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The Launch Seen Around the World- Inspiration4

A new space age has emerged.

SpaceX launched a Crew Dragon Spacecraft from Kennedy Space Center at 8:02pm EDT on September 15, 2021. It would orbit the Earth for three days before returning safely with its inspiring crew of four.

This is no easy task, and this was no billionaire joyride either. Inspiration4 was  a mission with  purpose and drive to not only break the frame of who can be astronaut, but to also push the envelope in their SpaceX Crew Dragon Spacecraft by reaching an epic orbit as high as  590 km (366 miles). While the space exploration side of this mission is a grand tour in itself, there was one mission objective for here on Earth, a fundraiser for St. Jude Research. 

The crew of Inspiration4 represents some of the finest qualities a human being can have. Hayley Arceneaux, a childhood cancer survivor turned physician assistant at St. Jude, represents hope. Chris Sembroski, an aerospace engineer, won a ride to space by entering into a raffle. Dr. Sian Proctor, a finalist in the 2009 NASA astronaut class, an explorer, and all-around science educator represents prosperity! Finally our benefactor and commander, Jared Isaacman, who is a successful businessman, an experienced jet pilot, and the one who started Inspiration4 with the goal to raise $200 million for St. Jude Children's Research Hospital.

In less than six months the crew was assembled and trained. They went on a mountain adventure at Mt. Rainier, completed extensive training with SpaceX, including simulations lasting as long as 30 hours, flew in jets, and even did a Zero-G flight. SpaceX's Dragon spacecraft can fly autonomously, but in-depth training was needed to learn the ins-and-outs of the whole system in case human intervention was ever needed. Each had their own role on-orbit as well. Sian was the Mission Pilot, Chris the Mission Specialist, Hayley was the Medical Officer, and as previously mentioned the Mission Commander, Jared. Though the training was often times rigorous, they proceeded well— all while forming lifelong friendships with their crewmates.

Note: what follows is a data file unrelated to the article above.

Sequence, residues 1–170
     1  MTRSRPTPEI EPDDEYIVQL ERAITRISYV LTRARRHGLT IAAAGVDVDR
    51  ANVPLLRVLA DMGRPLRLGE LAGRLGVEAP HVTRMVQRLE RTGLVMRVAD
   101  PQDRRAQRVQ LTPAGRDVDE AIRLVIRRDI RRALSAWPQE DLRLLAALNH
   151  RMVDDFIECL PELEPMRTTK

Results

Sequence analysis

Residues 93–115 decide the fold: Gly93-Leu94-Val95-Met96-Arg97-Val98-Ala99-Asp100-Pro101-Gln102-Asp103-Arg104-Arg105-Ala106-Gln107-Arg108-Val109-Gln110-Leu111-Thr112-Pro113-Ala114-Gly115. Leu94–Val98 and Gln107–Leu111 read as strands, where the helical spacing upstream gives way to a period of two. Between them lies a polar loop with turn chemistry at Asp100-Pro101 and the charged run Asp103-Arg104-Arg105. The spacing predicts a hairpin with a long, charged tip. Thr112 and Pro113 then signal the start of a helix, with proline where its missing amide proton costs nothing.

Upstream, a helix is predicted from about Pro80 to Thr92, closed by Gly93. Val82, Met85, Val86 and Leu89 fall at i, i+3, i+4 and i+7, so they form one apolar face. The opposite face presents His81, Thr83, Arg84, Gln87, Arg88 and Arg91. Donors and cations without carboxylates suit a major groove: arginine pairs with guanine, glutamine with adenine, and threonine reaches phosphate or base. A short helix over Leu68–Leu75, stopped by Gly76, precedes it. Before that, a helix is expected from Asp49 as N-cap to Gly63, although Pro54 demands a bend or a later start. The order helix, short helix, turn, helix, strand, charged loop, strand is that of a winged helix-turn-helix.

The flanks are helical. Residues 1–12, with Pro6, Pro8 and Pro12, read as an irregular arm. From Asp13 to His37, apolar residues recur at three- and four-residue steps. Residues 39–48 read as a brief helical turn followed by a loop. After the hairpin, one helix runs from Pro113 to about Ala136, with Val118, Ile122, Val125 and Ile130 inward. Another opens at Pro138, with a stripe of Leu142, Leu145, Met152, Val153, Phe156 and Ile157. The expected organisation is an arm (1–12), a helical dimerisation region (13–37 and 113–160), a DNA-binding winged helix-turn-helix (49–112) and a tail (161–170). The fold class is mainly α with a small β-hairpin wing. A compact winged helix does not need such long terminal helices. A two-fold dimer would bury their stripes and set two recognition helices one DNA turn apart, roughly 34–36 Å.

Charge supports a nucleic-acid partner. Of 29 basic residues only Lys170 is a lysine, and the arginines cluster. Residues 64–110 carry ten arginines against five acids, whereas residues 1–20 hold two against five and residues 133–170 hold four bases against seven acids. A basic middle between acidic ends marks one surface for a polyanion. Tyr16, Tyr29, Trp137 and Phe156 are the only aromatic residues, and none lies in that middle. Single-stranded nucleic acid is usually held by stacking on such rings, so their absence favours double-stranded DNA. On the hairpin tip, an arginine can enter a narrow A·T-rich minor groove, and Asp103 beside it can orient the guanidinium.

Afternoon Flight Around KSC with Falcon9 & Dragon on the Pad

The day before launch the crew flew in fighter jets around the spaceport with Falcon 9 and their Crew Dragon capsule, named Resilience, vertical on Pad 39A at NASA's Kennedy Space Center (KSC). Here they are departing KSC's Shuttle Landing Facility (SLF), flying to the northeast for formation flights past the pad for photo-ops, coming back west over Merritt Island National Wildlife Refuge, then flying to the south over the Indian River Lagoon past Titusville, Port St. John, and then scrambling before landing at Space Coast Regional (KTIX).

Visiting the Pad for Remote Camera Setup

My very first time setting remote cameras was for the 22nd SpaceX Commercial Resupply Service mission (CRS-22). That first time out was an intense experience! It was also a lot of fun, and since then I have had several opportunities to set cameras, experience failures, and I have continued to hone my craft with photography & videography.

When we got on the bus that morning to set cameras for Inspiration4, I felt a huge and sincere responsibility to do my absolute best. Don't make any mistakes, line up a great shot, trust the gear, trust my experiments, trust my workflow, remember everything I've learned for this moment in time. I also felt a huge sense of responsibility to capture something galvanizing for all to be inspired by. It wasn't just another Starlink batch or a GEO- satellite— this mission was different. And that Crew Dragon atop that Falcon 9 was the vehicle in charge of driving our inspiring crew of four beyond the edge of our world.